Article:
I was talking with a foundation leader the other day who was bogged down with the trauma of the past year – or years, decades even – of blows to progressive social change. He was worn down, disillusioned, demoralized. He felt powerless in the face of what seems, to him, to be a growing list of increasingly complex social problems. Problems that he and his single foundation are helpless to solve.
But with his fear-based thinking he holds himself, and ultimately the social change he desires, back. Because what he – like so many philanthropists – fundamentally believes is that there isn’t enough. He doesn’t have enough money, power, or influence to solve the mounting challenges we face.
The fact is, though, that there is more than enough.
Let’s start with money. Ask anyone in the nonprofit or philanthropic sector, and they will tell you that money has diminished over the course of the pandemic. But the opposite is true. The world’s wealthiest people have significantly grown their wealth in the last year. So the problem is not that there isn’t enough money. Rather, it’s that money isn’t flowing in large enough quantities toward solutions to our social problems. That’s a problem we can fix.
But it requires a fundamental shift in philanthropy, and the system of power and wealth in which it finds itself.
It has taken a global pandemic to reveal in stark relief our many broken systems – from wealth inequality, racial injustice, gender disparity, crumbling healthcare and education systems, to an ailing planet. Yet philanthropy – that bulwark erected to stem the tide of inequity that comes from unbridled capitalism – has not responded in any appreciable way.
Why is that?
We could argue that philanthropists – who are themselves a result of growing wealth inequality – do not want to fundamentally disrupt a system that gives them power. That might be true, but it’s not the whole story.
The fundamental reason philanthropy is not reinventing itself, despite a blatant need for change, is fear. Just like the foundation leader I described above, philanthropy writ large is stuck in a belief that there just isn’t enough – money, or critical mass, or influence – to fix this epic cluster in which the human race now finds itself.
But here’s the thing. Addressing the many problems we face is not rocket science. It is simply a question of directing our limitless ingenuity and resources toward the good of all, instead of just an elite few. But to get there, philanthropy must summon the courage to think much bigger.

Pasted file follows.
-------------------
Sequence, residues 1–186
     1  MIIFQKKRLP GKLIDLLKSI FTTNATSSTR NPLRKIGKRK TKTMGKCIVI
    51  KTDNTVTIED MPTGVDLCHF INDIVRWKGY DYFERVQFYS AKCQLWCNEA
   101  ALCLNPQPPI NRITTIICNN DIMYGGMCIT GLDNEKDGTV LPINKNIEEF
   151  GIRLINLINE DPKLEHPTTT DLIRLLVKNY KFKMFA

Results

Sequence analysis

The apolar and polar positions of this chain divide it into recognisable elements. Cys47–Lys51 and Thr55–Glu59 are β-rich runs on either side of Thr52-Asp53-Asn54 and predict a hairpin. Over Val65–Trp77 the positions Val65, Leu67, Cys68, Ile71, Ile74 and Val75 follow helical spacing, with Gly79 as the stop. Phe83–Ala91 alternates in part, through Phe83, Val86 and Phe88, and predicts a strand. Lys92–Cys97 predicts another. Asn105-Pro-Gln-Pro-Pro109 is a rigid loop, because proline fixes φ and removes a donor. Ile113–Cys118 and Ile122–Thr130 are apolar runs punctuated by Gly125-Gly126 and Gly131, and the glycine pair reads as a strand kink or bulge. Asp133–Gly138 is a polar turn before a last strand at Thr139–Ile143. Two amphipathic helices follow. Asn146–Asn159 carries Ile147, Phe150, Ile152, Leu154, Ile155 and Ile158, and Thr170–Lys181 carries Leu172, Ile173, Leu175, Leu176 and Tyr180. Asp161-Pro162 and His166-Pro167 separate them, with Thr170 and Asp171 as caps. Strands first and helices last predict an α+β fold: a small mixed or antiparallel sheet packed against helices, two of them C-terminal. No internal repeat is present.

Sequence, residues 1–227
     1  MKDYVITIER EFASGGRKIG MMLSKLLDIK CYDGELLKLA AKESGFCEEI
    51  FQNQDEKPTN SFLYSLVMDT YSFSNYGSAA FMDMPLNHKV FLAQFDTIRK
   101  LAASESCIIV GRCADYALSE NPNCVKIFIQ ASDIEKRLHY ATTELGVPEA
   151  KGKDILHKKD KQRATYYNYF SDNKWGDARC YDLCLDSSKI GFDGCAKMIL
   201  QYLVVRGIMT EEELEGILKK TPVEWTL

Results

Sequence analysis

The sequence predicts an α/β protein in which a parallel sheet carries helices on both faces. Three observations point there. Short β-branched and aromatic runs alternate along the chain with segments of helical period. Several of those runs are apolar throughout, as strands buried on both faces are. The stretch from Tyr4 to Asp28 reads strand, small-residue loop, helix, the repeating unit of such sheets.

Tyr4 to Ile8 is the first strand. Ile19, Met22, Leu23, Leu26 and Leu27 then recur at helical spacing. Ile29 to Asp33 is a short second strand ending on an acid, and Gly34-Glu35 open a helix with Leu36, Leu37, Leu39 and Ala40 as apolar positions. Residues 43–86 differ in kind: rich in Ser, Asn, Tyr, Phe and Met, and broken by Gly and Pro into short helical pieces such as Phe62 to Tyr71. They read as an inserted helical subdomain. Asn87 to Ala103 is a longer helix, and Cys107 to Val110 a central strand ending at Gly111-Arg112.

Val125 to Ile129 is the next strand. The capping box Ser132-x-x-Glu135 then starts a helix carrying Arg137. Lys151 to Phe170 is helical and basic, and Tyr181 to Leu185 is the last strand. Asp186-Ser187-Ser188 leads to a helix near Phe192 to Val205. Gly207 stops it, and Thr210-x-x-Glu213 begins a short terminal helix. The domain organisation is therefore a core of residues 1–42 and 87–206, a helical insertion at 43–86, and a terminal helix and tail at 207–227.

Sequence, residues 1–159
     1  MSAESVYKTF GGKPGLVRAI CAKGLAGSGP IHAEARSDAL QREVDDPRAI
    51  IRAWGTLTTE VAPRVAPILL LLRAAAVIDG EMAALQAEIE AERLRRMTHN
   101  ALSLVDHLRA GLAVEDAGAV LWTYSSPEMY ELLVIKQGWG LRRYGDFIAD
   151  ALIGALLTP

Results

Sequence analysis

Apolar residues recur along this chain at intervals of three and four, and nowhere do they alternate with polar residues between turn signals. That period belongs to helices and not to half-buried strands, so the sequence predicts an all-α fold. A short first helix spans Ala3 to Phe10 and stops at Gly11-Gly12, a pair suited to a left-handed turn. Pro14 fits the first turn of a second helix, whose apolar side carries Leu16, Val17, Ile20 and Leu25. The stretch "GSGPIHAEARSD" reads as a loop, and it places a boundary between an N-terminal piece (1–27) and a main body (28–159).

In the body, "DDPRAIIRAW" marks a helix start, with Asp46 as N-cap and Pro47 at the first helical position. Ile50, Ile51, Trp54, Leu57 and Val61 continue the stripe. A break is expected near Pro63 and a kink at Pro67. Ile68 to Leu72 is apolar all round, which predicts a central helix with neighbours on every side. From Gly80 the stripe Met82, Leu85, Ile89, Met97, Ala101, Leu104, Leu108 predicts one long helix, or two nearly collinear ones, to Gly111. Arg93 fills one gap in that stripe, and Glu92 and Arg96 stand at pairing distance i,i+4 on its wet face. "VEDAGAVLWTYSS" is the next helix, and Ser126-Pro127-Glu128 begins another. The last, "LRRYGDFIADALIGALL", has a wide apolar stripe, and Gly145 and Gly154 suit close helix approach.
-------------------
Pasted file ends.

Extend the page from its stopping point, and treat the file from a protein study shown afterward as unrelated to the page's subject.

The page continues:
The place to start is with individual philanthropists realizing their own influence. I can’t tell you how many times I’ve heard foundation leaders tell me that they don’t have much power, their networks are tiny, they can’t really shift anything beyond their own organization’s walls (and sometimes not even there). That’s simply fear talking. The leaders of our country’s philanthropic institutions are themselves, or have within their networks, the powerful elite.
What if philanthropists, big and small, started speaking up – in the cocktail parties, golf courses and boardrooms in which they find themselves – against the fear they witness? Often with a well-placed comment, or an impassioned argument many of them could likely shift great investment, policy, or powerful opinion toward solutions. Can you imagine if the wealthiest country in the world suddenly started diverting billions to solving climate change, poverty, disease?
In fact we could start thinking about money for social change – that powerful tool any philanthropist enjoys – in much bigger ways. Social (or impact) investing – investing in things that have both a financial and social return – has grown over the past decade. But it is far from the norm in the philanthropic community, let alone the finance sector. The idea of a foundation pointing ALL money at its disposal to its social change mission appears to be incredibly radical, since only 3% of foundations in the U.S. currently do it. The worry is that social investments will yield a lower return, but the reverse is often true.
What if philanthropists became truly fearless and not only pursued mission-related investing in big ways, but helped our financial markets – in which, again, philanthropy is deeply embedded – reinvent itself to be more socially directed? Who better to lead a great migration of money from the ivory towers of the privileged few to the starving coffers of social changemakers than the philanthropists who straddle both worlds?
Don’t get me wrong. I’m not suggesting that a fearless reinvention of philanthropy will solve all the world’s problems. But timid philanthropy certainly will not. We are living in a brave new world that requires a brand new kind of courageous philanthropy. A philanthropy that is the conduit between where money is currently sequestered and where it could be put to much greater use.
I know it’s possible. So do you.
If you want to learn more about moving from fear-based scarcity thinking to an abundance approach to lasting social change, join the Social Velocity Free Training series here. And to make sure you don’t miss out on upcoming free trainings and other opportunities to be part of an amazing community of social change warriors, join the Social Velocity e-list. Sign up here.